5th July 2012: Andrew Brons has expressed his satisfaction at the recent success of Written Declaration 0011/2012 which called for greater awareness about cardiac arrest and more widespread training across Europe to help those suffering heart attacks.
The Written Declaration wanted to establish a European Cardiac Arrest Awareness Week and explained the reasons why:
- in Europe approximately 400 000 people suffer an out-of-hospital sudden cardiac arrest every year, with a survival rate of less than 10%;
- the survival of many apparently healthy victims depends on cardiopulmonary resuscitation (CPR) administered by bystanders and early defibrillation, and whereas an intervention within 3-4 minutes may increase the chance of survival to more than 50%;
- in Europe, automated external defibrillator (AED) programmes are only partially implemented;
The Written Declaration asked the Commission and the Council to encourage:
– the adoption of common programmes for implementing AED in public places and training lay people in all Member States,
– the adjustment of legislation in order to facilitate CPR and defibrillation by non-medical persons,
– systematic data collection for feedback and quality management in every programme;
It called on the Commission and the Member States to establish a European cardiac arrest awareness week aimed at improving the awareness and education of the general public, physicians and healthcare professionals;
It called on the Commission to support the Member States in adopting and implementing national strategies for equal access to high-quality CPR;
It called on the Commission and the Member States to enact harmonised legislation across the EU in order to provide immunity from liability to non-medical first responders who offer voluntary assistance in cardiac emergencies.
Andrew had signed the Written Declaration after being contacted by the Resuscitation Council of Great Britain which asked for his support.
Within the UK, the Resuscitation Council has been campaigning for Emergency Life Support (ELS) skills to be taught in all schools. In this endeavour it has received the support of the British Medical Association (BMA) which recently passed the following motion:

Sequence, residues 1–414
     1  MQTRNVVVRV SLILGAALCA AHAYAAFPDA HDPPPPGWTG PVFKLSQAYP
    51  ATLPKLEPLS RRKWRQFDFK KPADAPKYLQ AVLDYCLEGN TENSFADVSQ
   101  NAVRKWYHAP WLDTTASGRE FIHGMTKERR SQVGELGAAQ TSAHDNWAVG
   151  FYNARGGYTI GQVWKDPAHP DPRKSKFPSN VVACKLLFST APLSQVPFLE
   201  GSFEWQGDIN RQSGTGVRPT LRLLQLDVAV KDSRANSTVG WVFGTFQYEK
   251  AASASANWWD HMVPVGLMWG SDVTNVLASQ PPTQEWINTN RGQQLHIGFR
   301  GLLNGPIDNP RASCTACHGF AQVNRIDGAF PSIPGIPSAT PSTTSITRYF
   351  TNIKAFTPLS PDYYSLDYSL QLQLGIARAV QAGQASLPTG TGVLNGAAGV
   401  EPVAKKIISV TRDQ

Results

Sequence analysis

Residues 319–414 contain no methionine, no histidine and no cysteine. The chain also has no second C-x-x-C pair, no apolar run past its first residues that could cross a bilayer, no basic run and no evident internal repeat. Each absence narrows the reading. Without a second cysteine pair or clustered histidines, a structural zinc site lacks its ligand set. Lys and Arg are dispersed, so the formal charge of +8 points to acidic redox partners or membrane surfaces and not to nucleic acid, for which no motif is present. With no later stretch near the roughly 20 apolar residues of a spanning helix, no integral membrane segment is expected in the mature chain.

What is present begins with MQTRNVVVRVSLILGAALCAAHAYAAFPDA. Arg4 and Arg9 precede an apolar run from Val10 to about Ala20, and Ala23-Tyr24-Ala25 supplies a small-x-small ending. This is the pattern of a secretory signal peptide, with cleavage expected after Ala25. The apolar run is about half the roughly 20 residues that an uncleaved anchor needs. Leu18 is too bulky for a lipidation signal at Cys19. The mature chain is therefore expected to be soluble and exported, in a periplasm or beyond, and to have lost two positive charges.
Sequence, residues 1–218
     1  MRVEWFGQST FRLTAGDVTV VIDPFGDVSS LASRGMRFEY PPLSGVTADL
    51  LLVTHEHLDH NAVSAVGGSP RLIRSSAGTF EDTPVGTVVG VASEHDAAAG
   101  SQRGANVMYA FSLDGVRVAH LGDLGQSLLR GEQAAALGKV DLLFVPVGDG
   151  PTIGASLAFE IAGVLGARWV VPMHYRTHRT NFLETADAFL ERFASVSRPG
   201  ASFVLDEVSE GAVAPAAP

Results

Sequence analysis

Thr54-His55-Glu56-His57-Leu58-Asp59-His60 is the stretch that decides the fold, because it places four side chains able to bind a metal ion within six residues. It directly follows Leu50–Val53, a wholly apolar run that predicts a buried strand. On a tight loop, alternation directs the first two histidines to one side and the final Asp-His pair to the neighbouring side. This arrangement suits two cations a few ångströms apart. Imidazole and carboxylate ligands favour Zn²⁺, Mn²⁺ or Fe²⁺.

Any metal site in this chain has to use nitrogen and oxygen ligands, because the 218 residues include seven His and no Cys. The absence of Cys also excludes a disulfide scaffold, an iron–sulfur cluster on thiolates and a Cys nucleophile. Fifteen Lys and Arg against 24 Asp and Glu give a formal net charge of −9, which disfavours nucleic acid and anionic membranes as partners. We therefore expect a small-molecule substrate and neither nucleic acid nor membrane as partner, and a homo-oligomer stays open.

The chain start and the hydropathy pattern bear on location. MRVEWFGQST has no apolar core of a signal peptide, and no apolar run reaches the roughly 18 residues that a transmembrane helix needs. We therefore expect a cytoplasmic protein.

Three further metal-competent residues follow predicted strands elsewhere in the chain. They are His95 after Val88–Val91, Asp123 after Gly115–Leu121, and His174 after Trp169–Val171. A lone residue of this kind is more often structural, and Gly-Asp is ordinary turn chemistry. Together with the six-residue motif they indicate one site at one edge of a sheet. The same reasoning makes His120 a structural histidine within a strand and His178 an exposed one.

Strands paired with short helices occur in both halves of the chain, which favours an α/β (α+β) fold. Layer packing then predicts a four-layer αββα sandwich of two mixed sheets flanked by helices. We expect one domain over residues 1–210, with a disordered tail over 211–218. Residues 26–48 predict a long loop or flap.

"That this Meeting applauds the ready availability of voluntary and statutory services for basic and advanced life support and:
- notes the call by the BMA in 1999 for resuscitation to be taught in schools;
- regrets that the teaching of resuscitation in schools is not mandatory;
- applauds the efforts of healthcare and the third sector to provide such training;
- supports the call by the Resuscitation Council and the British Heart Foundation for this to become a mandatory component of the curricula of all schools in the UK and calls on the BMA to campaign for this;
- calls for the governments to introduce the teaching of first aid in schools."
Now the Resuscitation Council wants elected politicians and the public to support their campaign and call on the Government in Westminster for ELS tuition to be included in the school curriculum – either as part of the National Curriculum review or as an addition to the current Basic Curriculum (the mandatory part of the school timetable that currently includes religious and sex education).
If you would like to help the Resuscitation Council in its campaign, please write to Michael Gove MP (Secretary of State for Education) and Nick Gibb MP (Minister for Schools) asking them in the light of the success of Written Declaration 0011/2012 to include Emergency Life Support (ELS) in the review of the National Curriculum or add ELS training to the Basic Curriculum.